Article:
Worldwide Wholesome Soul Foods

Photo of oatmeal with dried fruit and hot milk, it includes a lot of healthy ingredients. It’s like a breakfast cereal.

Toshiki Yanagiya

Photo of oatmeal with dried fruit and hot milk, it includes a lot of healthy ingredients. It’s like a breakfast cereal.

The changing of the seasons can affect your health, so each country’s people are taking care of themselves with their soul foods.

This extreme cold season is ending and the warm spring season is around the corner. However, once you stop caring for your health, you may fall sick. To keep that from happening, there are many traditional foods around the world that are healthy.

The stereotype is that American food is bad for you. Even if that’s correct, it doesn’t mean there is no healthy food in the U.S.

For example, oatmeal is made of threshed oats that are processed to work easily. The natural taste is not good so almost all who eat it mix dried fruit and milk with it. It’s so easy to make that it’s suitable for breakfast.

In Japan, one of the healthy foods are soybeans. They contain high quality protein and the digestion-absorption rate is higher than other foods containing protein. Also, soybeans have various uses.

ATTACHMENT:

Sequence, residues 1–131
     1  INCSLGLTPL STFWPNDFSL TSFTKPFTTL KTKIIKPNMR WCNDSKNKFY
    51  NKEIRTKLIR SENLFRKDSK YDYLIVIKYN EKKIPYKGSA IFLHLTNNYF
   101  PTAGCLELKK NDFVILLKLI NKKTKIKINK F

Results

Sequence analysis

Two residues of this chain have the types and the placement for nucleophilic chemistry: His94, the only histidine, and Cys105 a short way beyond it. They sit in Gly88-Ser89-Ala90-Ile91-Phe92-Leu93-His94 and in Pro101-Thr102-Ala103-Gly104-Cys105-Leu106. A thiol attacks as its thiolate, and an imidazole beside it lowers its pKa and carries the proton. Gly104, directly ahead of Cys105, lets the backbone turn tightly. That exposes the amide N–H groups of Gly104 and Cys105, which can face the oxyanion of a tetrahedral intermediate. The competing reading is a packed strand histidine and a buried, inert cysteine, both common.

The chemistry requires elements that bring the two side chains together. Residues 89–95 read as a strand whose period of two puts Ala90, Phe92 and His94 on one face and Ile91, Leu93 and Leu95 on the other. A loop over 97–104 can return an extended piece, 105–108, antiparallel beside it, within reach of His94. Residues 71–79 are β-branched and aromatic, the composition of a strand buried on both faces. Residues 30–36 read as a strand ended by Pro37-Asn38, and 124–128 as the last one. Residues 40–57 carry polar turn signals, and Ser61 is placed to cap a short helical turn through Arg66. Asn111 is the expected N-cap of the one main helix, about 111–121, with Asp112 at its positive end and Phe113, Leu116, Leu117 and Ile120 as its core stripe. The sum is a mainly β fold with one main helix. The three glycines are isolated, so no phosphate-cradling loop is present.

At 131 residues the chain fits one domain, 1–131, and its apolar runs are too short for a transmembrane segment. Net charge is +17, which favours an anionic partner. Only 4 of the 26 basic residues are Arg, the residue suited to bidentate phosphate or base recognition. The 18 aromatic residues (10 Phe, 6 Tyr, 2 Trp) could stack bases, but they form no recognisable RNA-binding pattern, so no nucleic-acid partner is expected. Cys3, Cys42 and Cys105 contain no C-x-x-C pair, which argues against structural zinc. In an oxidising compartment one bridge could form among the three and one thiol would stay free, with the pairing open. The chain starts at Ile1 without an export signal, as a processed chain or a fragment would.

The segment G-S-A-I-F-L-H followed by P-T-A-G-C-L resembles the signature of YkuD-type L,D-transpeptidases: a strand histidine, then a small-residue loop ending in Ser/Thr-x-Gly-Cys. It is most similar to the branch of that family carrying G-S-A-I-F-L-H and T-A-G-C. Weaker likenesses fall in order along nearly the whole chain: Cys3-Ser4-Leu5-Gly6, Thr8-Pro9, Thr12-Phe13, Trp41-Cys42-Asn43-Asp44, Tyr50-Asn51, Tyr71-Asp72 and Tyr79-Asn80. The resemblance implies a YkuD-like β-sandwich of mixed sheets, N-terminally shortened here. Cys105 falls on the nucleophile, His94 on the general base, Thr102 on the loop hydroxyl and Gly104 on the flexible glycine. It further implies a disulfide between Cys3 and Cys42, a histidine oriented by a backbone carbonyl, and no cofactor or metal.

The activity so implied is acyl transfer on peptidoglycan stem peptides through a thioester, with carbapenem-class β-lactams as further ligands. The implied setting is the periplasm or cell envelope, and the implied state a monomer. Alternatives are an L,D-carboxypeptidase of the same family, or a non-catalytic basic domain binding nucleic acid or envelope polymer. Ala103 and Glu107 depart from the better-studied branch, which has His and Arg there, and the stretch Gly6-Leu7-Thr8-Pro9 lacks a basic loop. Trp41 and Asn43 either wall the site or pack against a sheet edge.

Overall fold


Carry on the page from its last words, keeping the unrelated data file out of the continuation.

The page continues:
Not only for foods like tofu but also for seasoning like soy sauce and miso. In Japanese daily life, things made by soybeans are here and there. That’s why Japan is one of the biggest longevity countries.

Kimchi is famous for South Korean’s soul food. It’s fermented vegetables with salt, red pepper and garlic. Jiyoon Jenny Hwang, an EvCC student from South Korea said, “I eat it almost every day. I like it because I’ve been eating it since I was young.”

It includes a lot of good ingredients and is a fermentative food. The longer it’s fermented, the more it has a hearty taste, so Koreans make it by themselves. Hwang also ate homemade kimchi in her country.

Toshiki Yanagiya
Photo of kimchi, it is a Korean traditional pickled dish mainly including Chinese cabbage, Chinese chive and carrots. The taste is really spicy.

Dimy Komi is an EvCC international student from Papua New Guinea and he recommended papeda to keep in top shape. Adding salt and sugar, papeda is made by a flour of Sago palm- that is a type of tree in South East Asia.

It has no taste but doesn’t contain impurities. They mainly eat it with a soup made by a seasoning and fish. Komi said, “Papeda is my traditional healthy food that I’ve eaten so far.”    

A common saying is “You are what you eat.” Food depends on each culture. Even if you don’t go to other countries, you can learn what they are from their wholesome foods.